Influence of deferred grazing on vegetation dynamics and livestock productivity in an Andean pastoral system.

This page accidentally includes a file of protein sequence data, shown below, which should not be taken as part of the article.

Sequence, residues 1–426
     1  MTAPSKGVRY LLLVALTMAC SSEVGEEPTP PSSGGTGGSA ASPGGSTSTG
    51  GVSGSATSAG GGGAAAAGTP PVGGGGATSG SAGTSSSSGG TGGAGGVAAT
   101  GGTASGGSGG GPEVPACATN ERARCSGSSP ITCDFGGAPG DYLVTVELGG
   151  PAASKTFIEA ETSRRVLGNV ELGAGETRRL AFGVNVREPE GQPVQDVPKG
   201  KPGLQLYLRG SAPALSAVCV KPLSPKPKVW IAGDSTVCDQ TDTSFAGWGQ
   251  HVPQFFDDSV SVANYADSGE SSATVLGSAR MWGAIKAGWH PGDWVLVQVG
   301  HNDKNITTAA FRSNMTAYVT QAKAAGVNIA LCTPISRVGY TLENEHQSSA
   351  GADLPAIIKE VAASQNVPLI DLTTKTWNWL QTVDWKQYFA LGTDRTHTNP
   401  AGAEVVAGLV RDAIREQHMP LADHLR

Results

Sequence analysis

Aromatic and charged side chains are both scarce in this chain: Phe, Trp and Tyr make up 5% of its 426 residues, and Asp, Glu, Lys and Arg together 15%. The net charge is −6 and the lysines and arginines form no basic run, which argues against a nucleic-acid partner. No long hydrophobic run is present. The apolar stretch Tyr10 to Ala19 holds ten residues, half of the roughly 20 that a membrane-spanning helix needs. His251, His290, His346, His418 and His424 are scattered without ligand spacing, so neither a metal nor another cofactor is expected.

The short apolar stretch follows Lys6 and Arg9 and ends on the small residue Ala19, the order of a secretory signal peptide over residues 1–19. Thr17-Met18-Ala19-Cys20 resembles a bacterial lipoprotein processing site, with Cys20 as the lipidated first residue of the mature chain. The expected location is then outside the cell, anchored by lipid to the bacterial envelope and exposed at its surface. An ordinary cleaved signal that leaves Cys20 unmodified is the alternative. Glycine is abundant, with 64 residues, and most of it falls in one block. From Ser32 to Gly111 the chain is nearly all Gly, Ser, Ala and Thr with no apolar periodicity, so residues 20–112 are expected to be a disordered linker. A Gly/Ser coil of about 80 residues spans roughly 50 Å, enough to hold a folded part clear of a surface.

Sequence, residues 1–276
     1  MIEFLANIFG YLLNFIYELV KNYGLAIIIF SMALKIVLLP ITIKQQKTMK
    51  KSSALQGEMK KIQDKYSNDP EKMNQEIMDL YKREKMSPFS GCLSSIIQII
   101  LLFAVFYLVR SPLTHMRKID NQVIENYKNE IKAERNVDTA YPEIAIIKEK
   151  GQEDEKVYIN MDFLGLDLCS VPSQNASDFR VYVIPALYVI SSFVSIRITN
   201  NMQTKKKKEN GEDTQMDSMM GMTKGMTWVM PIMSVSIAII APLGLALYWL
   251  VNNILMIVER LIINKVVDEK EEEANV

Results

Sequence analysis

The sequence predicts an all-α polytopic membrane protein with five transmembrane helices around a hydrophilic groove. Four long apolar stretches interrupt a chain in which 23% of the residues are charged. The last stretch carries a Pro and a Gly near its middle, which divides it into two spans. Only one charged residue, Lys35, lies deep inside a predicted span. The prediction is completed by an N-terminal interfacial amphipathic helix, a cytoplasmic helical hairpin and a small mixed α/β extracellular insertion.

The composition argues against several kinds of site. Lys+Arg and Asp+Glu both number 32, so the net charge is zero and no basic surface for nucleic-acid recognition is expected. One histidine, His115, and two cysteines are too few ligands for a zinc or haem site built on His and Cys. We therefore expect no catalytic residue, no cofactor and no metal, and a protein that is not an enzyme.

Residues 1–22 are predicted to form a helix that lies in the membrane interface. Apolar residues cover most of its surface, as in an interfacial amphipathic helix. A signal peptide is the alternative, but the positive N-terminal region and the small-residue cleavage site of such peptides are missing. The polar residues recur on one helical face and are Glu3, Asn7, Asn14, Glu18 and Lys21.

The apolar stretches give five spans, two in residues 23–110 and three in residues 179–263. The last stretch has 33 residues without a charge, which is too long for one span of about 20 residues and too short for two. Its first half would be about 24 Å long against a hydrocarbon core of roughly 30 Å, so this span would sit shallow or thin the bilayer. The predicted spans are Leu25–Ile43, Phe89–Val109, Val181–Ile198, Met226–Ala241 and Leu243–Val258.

Management recommendations intended to reduce rangeland degradation and increase livestock productivity often assume equilibrium conditions wherein vegetation and herbivore dynamics are tightly coupled. Recent research in Africa, Asia and North America, however, suggests that the dynamics of some arid systems are driven more by precipitation, a non-equilibrium factor. We examined the applicability of equilibrium and non-equilibrium theory for key grazing resources within an Andean pastoral ecosystem. Residents of Cosapa, Bolivia, recently fenced off portions of critical communal grazing areas called bofedal (wet meadow) and gramadal (dry meadow) as part of a livestock development project. Fenced exclosures were used to implement seasonally deferred grazing practices. We evaluated the effects of deferred grazing on peak standing crop (SC), above-ground net primary production (ANPP) and plant species composition and diversity over a 4-month growing season across 10 locations. Effects of exclosure access on the productivity of alpaca Llama pacos, llama L. glama and sheep Ovis aries were assessed through interviews with 32 herd owners. One to three years of deferred grazing had no effect on SC or ANPP from bofedal or gramadal, but it did reduce plant species diversity for bofedal. Access to exclosures improved survival rates of young alpaca and birth rates for sheep. Llamas were typically denied access to exclosures, which negatively affected their productivity. Our results suggest that both non-equilibrium and equilibrium forces operate on bofedal. Stable and low rates of ANPP are largely shaped by the cold climate, a non-equilibrium factor. Changes in plant species composition and livestock productivity, however, support equilibrium theory. Synthesis and applications. Ecological models of rangeland dynamics often play a critical role in determining the direction of range management and pastoral development. On bofedal, we found that vegetation and herbivore dynamics are coupled to a large extent, consistent with predictions that equilibrium behaviour can occur for critical, mesic subsystems nested within arid landscapes. Seasonal grazing deferral on bofedal can thus yield benefits to livestock productivity. However, these benefits must be weighed against negative social consequences that can occur when communal resources are privatized.